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Jacksonville, FL (September 7, 2017) With the passage of Mayor Lenny Curry’s pension plan that continues to use the half-cent sales tax that is funding Better Jacksonville Plan (BJP) projects until 2030, a major funding source has been found to provide for the city’s pension liability but only after the BJP ends. However, as passed, the city doesn’t make any major additional contribution to the fund for the next 13 years but pays a “minimum payment” based on new actuarial analysis. These minimum payments along with the delayed payments from the ½ penny will add considerable interest expense to the Unfunded Liability. Future generations are looking at paying an estimated $10 billion in total debt with $4 billion coming from a Sales Tax and $6 billion coming from city coffers when the pension is fully funded by 2060.

“The number one concern that I received as a Council Member is that we, current taxpayers are not paying our fair-share and are kicking the can down the road to our children and grandchildren for them to pay this enormous debt in the future”, explained CM Becton. “No one likes the idea of raising taxes but as revenue in the future grows, the responsible thing to do is to take part of those increased revenues and help pay down our debt.”

On April 25, 2017, District 11 Council Member Danny Becton, officially filed legislation 2017-348 that commits the idea of an “annual” payment for an “extra contribution” based on a percentage of future revenues that the city will receive as compared to the 2016-2017 baseline amount of $1,088,466,862. This annual extra contribution would be paid each year on growing revenues only, prior to those funds being allocated to new projects or expense to the growth and cost of government. This annual extra contribution payment would end upon the sales tax being implemented in 2031.

Projections show that property values and new construction of homes and businesses will increase the general fund each year. CM Becton’s bill, sets aside a percentage of this natural growth to devote in making extra-payments on the pension debt. Based on the annual increases, we will be setting aside a set portion of new funds to be used in making additional contributions to this debt.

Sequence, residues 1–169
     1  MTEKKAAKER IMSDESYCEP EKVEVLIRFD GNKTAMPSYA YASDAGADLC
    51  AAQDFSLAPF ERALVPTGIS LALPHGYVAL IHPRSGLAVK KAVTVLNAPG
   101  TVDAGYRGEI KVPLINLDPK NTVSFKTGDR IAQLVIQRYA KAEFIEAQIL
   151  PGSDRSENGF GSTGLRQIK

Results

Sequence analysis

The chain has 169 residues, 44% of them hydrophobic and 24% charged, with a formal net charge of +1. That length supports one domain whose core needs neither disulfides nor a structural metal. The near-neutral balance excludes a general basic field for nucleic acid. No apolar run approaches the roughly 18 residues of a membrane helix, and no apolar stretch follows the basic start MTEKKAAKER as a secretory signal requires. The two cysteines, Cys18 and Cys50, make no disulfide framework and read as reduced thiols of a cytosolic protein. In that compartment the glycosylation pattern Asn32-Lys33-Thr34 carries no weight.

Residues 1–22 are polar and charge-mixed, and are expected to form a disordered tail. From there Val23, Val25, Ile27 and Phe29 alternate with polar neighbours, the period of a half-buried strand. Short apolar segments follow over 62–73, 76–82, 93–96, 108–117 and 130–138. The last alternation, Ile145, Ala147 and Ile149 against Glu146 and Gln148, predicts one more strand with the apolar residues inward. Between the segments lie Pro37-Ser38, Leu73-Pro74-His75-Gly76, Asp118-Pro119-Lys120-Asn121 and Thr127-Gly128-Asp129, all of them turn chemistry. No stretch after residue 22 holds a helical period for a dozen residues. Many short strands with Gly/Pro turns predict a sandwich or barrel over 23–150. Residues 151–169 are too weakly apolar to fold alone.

Over the next 13 years, revenue projected by the administration using a paltry 3% growth rate, ends with the city receiving annually, $1,683,021,605. As stated by CFO, Mike Weinstein, when questioned by CM Becton as to the probably of that estimate, Weinstein noted that it was a very conservative projection. Property taxes in 2017-2018 are now budgeted to be $58 million which is a 5.29% increase.

As monies are raised through increased property values, state sales taxes, JEA franchise fees and all other sources of revenue the city receives to augment pension fund payments during the next 13 years, this bill will only take from future increases without having to raise millage rates and will reduce the funding responsibility future generations will face.

For example, let’s suppose when passed that it is decided that 10 percent of the annual new funds will be used for pension payments. Say that for fiscal year 2017-18 the city has $40 million additional dollars compared to fiscal year 2016-2017. That would provide $4 million to be paid to the pension fund and create a recurrence for the remaining years. The next year, let’s say there’s an additional $30 million, now $3 million more can be paid and again create a recurrence for the remaining years now totaling $7 million for the 2018-19 payment. This extra annual general fund payment will increase or decrease based on year after year growth of new money provided because of the city’s financial success. This would continue until fiscal year 2029-30 when the half-cent sales tax would become the funding source as a replacement.

By making additional pension payments now, the cost and time frame of funding the pension could be cut considerably when compared to doing nothing and saddling future taxpayers with a multi-billion dollar pension bill caused by interest accrued from now until 2031. It would improve our credit rating, reducing current and future borrowing costs and just like any payroll deduction that we all take for retirement, if it’s taken out first before we have a chance to spend it, we’ll never miss it.

CM Becton’s bill takes a fiscally responsible approach to attacking pension costs. It partners with Mayor Curry’s historic reformed retirement plan and provides another funding source to allow the pension burden to be addressed in a more equitable fashion by current and future Jacksonville taxpayers.

As of today, CM Becton has worked with several council members to create a compromise bill that he hopes will get additional support. The compromise is to create a gradual payment as a percent thru 2022-23, when it then would become fixed at 15%. Those gradual payments would be:

2017-18 (0%), 2018-19 (7%), 2019-20 (9%), 2020-21 (11%), 2021-22 (13%),

2022-2031 (15%)

The graphs and charts included below, reflect this new gradual payment compromise.

Important Dates to Remember:

Oct 17th – (9am) Finance Committee, takes up the Bill
Oct 17th – (1:30pm) Rules Committee, takes up the Bill
Oct 24th – (5pm) City Council take up bill, If its voted out of committee!

All above meetings in the City Council Chambers, City Hall

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